From app to pro: Stationary bikes are creating elite athletes

Ethan Wolff-Mann
·Senior Writer
Winner of the U21s Zwift Race Denamarks Phillip Mathisen during day one of the Phynova Six Day Cycling at Lee Valley VeloPark, London. (Photo by Bradley Collyer/PA Images via Getty Images)
Winner of the U21s Zwift Race Denamarks Phillip Mathisen during day one of the Phynova Six Day Cycling at Lee Valley VeloPark, London. (Photo by Bradley Collyer/PA Images via Getty Images)

The growing popularity of online home exercise equipment is having a surprise side effect: It’s allowing pro athletes to be discovered, or as the case has been, discover their own talents.

Tons of people spin and cycle, but very few actually race or care to measure their abilities in a serious way for many reasons. But the popularity of indoor cycling — buffeted by the likes of SoulCycle and Peloton (PTON) — has led more people to push their pedals and attain serious levels of fitness.

And for some people using Zwift, a bicycle training platform and video game popular with cyclists, it’s a ticket to becoming a professional athlete.

Thanks to today’s connected exercise methods, people can see precisely how good they are — workout devices that convert bicycles into stationary bikes deliver clear data that shows how much power (in watts!) a person’s legs can produce — and how they compare to others in the online fitness communities.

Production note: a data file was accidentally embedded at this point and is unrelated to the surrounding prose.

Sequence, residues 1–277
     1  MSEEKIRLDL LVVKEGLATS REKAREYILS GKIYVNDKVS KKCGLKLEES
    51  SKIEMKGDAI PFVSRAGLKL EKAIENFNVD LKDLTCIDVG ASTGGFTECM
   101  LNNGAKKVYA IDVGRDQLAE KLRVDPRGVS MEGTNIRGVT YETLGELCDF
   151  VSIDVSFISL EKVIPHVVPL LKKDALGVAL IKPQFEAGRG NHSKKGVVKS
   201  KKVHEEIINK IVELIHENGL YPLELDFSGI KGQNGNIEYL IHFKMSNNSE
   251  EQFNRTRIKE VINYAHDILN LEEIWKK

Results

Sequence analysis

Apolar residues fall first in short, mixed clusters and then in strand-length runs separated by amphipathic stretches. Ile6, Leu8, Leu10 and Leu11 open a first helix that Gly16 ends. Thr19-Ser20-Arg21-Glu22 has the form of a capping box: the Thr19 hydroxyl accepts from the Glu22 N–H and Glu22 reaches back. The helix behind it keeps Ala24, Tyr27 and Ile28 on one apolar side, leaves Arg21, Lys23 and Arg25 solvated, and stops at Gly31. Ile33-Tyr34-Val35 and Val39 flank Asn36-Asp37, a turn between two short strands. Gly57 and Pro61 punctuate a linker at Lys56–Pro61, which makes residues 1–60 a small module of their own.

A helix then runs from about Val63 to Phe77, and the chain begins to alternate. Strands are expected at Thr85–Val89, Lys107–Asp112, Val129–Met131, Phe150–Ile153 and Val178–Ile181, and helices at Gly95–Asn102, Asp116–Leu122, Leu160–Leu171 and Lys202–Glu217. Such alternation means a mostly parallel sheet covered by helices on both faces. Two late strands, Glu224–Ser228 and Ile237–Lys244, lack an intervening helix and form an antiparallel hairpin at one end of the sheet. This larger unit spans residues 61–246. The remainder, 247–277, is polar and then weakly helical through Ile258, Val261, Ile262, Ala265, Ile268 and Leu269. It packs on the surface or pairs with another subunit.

On Friday, Zwift finished its “Academy” men’s 2019 program, a series of races that saw 60,000 male bike riders enter — from the comfort of their own home. Though most people on Zwift are simply trying to improve their fitness, riders under 23 used the Academy’s platform to compete for a professional cycling contract.

The program has been going on since 2017 and successfully found pro athletes hidden in civilian clothing, though the transition has not always been easy.

Three riders had made the finals and competed for a one-year contract for 2020 with NTT Continental Cycling Team, an under-23 team based in South Africa. Drew Christensen, a 22-year-old from New Zealand, managed to win the contract to become a pro. Last year’s winner Martin Lavrič of Slovenia extended his contract into 2020.

The South African team has been a keen participant, telling Yahoo Finance in 2017 that it could be very useful to find talent far from the Euro-centric world of pro cycling.

Zwift has received over $164 million in funding, according to Crunch Base, with a valuation that was undisclosed but “approaching unicorn status” in 2018.

-

Ethan Wolff-Mann is a writer at Yahoo Finance focusing on consumer issues, personal finance, retail, airlines, and more. Follow him on Twitter @ewolffmann.

Hidden cable fees are are about to go away

Bank of America will pay people $15 to use its app

Companies are secretly scoring you, but good luck getting your data

This is the worst deal on Cyber Monday

'Snake oil salesmen': Two neurologists respond to the CBD craze

Large-scale credit card hackers back for the holiday season, ex-FBI investigator says

Read the latest financial and business news from Yahoo Finance

Follow Yahoo Finance on Twitter, Facebook, Instagram, Flipboard, LinkedIn, YouTube, and reddit.